Review: A 34-Inch 3440×1440 Monitor is Great for Photo Editing, So is it Better if You Curve It?


Back in June I posted about how the then newly released LG 34UM95-P had changed my editing workflow going from dual screens when editing to a single ultra wide one. Today I’d like to follow up on that experience with a new one with the curved version of the LG monitor, the 34UC97-S.

Just as with the 34UM95, the 34UC97 is a 34” ultra wide LED backlit IPS LCD monitor with the same native resolution of 3440×1440 at 60Hz. On paper you would be forgiven for thinking they’re twins and, indeed, on all but a few counts they are. The major difference is that the 34UC97 is curved and comes with a different stand design, which I’ll talk about in a moment.




My immediate observation when looking up the monitor online was that there was no mention of VESA mounting abilities. In a photo editing environment I find it’s important for me to be able to freely move the screen around and get comfortable, especially during long sessions. A VESA mounting arm allows this freedom whereas a basic stand does not.

The 34UC97 comes with a very basic stand with only pivot functionality. It comes in 2 pieces and is assembled by means of 2 screws at each end. It’s a heavy stand and made of metal, but the movement limitation is very real just as it was on the 34UM95.

While the new curved display does not have built in VESA mounting holes LG do have a free VESA bracket that simply screws on to the stand mounting area. Owners who plan to mount one of these monitors on an arm can contact their nearest LG service centre for the bracket. As far as I have been informed, this bracket is not included in retail boxes.





Another difference I noticed was that the lower bezel strip is no longer glossy but instead now all finished in matte black. On the 34UM95 I found the glossy strip to be a distraction and would often reflect light from sources behind my desk. I custom matte finished the strip on the 34UM95 to remedy this problem so it’s nice to see LG took care of that at the factory for the 34UC97.

The rear of the monitor sees some changes too. All connection ports face downwards like on most monitors whereas the 34UM95 faced the wall behind which I found to be more convenient and easier to connect and detach cables from. On top of this the 34UC97’s ports are covered by a plastic panel which once clipped on hides the entire connection port area, USB ports included.

An oversight in this cover is that you must remove the panel in order to connect USB devices. You could of course just not use this cover as its only purpose is to make the back look cleaner.


In terms of panel quality and features the 34UC97 does not have a hardware LUT like the 34UM95 has an in its place within the OSD we have a new Maxx Audio submenu that controls the built in stereo speakers bass, treble and surround sound effects. I found this an interesting observation because while LG’s product page for this does show editing capabilities of the 34UC97 the obvious target direction does appear to be toward media playback.

It’s pretty clear that the exclusion of the LUT and inclusion of higher end speakers that the curved monitor is targeting a wider audience with perhaps more focus put on movies and games as opposed to photo and video editing.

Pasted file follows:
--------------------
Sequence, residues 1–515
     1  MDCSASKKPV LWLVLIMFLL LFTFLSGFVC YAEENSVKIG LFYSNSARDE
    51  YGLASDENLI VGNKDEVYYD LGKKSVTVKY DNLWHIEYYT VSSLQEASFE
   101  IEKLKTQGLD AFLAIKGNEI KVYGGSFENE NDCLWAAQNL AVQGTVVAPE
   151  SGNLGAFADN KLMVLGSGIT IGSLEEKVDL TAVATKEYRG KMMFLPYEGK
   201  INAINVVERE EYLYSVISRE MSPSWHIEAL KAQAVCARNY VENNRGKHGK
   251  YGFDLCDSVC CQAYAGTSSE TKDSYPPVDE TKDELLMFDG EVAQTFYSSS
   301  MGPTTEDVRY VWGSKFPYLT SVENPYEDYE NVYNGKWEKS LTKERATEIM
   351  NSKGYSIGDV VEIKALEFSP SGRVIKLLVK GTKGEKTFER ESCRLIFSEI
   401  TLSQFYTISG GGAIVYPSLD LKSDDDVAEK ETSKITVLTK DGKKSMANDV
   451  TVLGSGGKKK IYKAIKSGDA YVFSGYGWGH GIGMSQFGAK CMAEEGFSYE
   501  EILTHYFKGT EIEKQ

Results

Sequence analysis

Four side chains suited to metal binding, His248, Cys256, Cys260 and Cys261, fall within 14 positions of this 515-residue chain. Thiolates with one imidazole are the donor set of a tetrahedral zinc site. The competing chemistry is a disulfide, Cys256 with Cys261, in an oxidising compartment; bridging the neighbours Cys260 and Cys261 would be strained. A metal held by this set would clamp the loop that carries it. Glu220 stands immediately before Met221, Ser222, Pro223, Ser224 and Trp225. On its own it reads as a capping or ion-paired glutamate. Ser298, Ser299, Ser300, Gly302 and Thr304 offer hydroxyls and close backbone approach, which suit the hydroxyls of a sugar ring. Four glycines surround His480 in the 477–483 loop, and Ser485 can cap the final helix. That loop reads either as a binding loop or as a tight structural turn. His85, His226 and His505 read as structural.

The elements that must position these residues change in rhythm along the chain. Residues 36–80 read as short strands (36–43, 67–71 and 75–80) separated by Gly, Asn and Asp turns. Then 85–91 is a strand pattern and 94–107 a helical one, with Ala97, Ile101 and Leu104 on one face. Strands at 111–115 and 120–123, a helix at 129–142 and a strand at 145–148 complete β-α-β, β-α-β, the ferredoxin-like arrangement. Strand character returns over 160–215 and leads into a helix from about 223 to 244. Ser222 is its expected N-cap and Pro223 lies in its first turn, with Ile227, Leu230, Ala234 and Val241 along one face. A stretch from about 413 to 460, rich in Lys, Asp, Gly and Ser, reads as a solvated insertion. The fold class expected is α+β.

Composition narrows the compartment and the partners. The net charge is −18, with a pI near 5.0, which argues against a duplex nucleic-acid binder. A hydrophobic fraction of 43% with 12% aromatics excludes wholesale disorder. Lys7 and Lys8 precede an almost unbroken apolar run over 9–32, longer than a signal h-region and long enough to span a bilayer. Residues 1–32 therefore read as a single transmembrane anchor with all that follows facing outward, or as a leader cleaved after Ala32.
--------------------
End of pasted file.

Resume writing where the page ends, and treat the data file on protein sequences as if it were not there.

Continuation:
Speaking of photo editing, I found the picture quality and performance of the 34UC97 to be nearly as good as the 34UM95.

The lack of an on-board LUT meant I had to resort to software calibration changes via the graphics card instead but the results were still excellent and the 34UC97 actually pulled a 979:1 contrast ratio whereas my 34UM95 managed 859:1 using the same brightness and contrast OSD values during calibration with an i1 Display Pro colorimeter. Immediate impression then is that the 34UC97 has some slight internal panel tweaks.



It is important for a monitor aimed at the photo and video editing market to have good control over backlight bleed because nothing is worse than editing a photo shot at night or a black and white photo only to have the picture fall foul of the backlight showing through on the corners and/or edges.

In this regard I found the 34UC97 to be very good for bleed. Below are two photographs showing the bleed of the 34UC97 compared to the 34UM95. The left corners are not as bleed free as the 34UM95 and the top left bleed does show up in certain movie or game content but on the whole I have certainly seen far worse IPS monitors.



I’ve left the highlight feature of this monitor until last because I’d like to close with what I experienced when editing a session in Lightroom using it compared to observations when playing multimedia content.

During photo editing my own view is that I’m not an immediate fan. What I found was that the curve tends to mess with my mind and make me think certain photos I am working on are not straight, especially interior photos of buildings or landscape photos. I preferred editing on the non-curved 34UM95.

On the other hand movies and games gave further immersion due to the curve, the way the content seemed to wrap towards me at the ends felt cool.



Some readers may well disagree with me and prefer curved for work and play and that’s perfectly fine as this is a user preference. Personally I’d pick the 34UM95 for work with a bit of play or 34UC97 for play with a bit of work. Just be sure to get the free VESA mount and pick up a quality arm to go with it!

About the author: Robbie Khan is a photographer, tea drinker, explorer. He specializes in wedding and portraiture, and has photographed from the -32 degree temperatures of the Arctic Circle to the beautiful architecture of Belgium and the heat of Pakistan and beyond. You can find his work on his website, Twitter, Facebook, 500px and Flickr.